The suitability of hair transplant surgery for people with AIDS or HIV will depend on a number of factors, including the individual's overall health, the stage of their illness, and the medications they are taking.
Hair transplant surgery involves removing hair follicles from one area of the scalp and transplanting them into another area. While this procedure does not typically involve significant blood loss, it can cause some minor bleeding. Therefore, people with advanced HIV or AIDS who have compromised immune systems may be more vulnerable to complications during and after the procedure, such as infection.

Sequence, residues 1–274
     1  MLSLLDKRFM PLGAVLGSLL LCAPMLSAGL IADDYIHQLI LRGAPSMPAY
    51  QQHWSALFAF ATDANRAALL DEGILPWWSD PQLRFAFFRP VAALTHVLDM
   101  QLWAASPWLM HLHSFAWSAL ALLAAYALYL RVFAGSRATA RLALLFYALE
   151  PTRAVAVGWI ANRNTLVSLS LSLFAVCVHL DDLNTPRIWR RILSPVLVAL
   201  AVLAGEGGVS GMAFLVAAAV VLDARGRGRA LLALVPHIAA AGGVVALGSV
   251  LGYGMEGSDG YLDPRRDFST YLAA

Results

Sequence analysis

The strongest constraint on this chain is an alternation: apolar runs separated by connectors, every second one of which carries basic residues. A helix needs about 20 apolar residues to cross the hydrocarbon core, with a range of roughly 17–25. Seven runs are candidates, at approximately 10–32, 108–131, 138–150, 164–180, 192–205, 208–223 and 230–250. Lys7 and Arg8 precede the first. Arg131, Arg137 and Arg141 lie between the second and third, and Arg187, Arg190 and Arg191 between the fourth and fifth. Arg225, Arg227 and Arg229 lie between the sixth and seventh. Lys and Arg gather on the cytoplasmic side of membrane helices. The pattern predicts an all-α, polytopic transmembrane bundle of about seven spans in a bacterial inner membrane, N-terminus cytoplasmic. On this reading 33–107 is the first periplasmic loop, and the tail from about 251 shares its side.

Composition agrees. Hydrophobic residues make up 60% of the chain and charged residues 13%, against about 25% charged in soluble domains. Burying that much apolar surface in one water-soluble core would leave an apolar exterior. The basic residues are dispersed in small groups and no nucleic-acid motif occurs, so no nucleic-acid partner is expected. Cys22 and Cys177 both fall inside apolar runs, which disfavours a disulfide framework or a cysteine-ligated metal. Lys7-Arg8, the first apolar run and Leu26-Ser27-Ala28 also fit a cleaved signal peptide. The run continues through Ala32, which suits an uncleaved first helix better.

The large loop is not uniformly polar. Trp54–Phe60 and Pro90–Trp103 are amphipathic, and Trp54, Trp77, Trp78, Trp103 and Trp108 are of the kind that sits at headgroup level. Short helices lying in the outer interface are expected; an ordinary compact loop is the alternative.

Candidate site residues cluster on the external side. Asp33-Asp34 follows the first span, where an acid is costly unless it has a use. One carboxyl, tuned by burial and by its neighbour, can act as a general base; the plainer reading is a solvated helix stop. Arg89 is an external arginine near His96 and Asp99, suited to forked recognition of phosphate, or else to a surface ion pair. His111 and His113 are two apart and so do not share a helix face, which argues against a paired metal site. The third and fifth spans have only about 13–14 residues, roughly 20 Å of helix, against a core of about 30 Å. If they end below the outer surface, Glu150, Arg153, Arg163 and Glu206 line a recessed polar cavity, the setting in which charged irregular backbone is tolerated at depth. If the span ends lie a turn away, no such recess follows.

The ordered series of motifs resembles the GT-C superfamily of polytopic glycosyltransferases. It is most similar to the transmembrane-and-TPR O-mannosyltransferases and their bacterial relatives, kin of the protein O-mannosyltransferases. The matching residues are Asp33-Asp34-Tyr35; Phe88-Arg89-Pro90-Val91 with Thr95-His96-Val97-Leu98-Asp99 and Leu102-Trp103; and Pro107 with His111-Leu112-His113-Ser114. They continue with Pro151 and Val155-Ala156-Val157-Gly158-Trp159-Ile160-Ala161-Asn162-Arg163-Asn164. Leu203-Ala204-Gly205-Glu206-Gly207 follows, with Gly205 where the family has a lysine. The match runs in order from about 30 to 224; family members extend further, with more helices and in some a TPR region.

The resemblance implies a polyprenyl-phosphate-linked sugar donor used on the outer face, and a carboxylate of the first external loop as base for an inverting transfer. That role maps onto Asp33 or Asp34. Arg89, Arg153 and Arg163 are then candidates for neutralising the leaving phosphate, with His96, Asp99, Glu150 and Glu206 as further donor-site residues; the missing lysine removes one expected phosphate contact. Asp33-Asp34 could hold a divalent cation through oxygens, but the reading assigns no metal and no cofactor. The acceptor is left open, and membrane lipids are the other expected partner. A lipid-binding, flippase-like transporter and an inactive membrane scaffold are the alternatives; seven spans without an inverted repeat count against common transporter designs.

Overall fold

In addition, many people with HIV or AIDS are taking medications that can suppress their immune systems or interfere with blood clotting. These medications may increase the risk of complications during surgery and affect the healing process afterward.
Therefore, it is important for people with HIV or AIDS to consult with their doctors and hair transplant surgeon to determine whether the procedure is safe for them. If the surgeon determines that a hair transplant is appropriate, they will likely take extra precautions to minimize the risk of complications and monitor the patient closely during and after the procedure.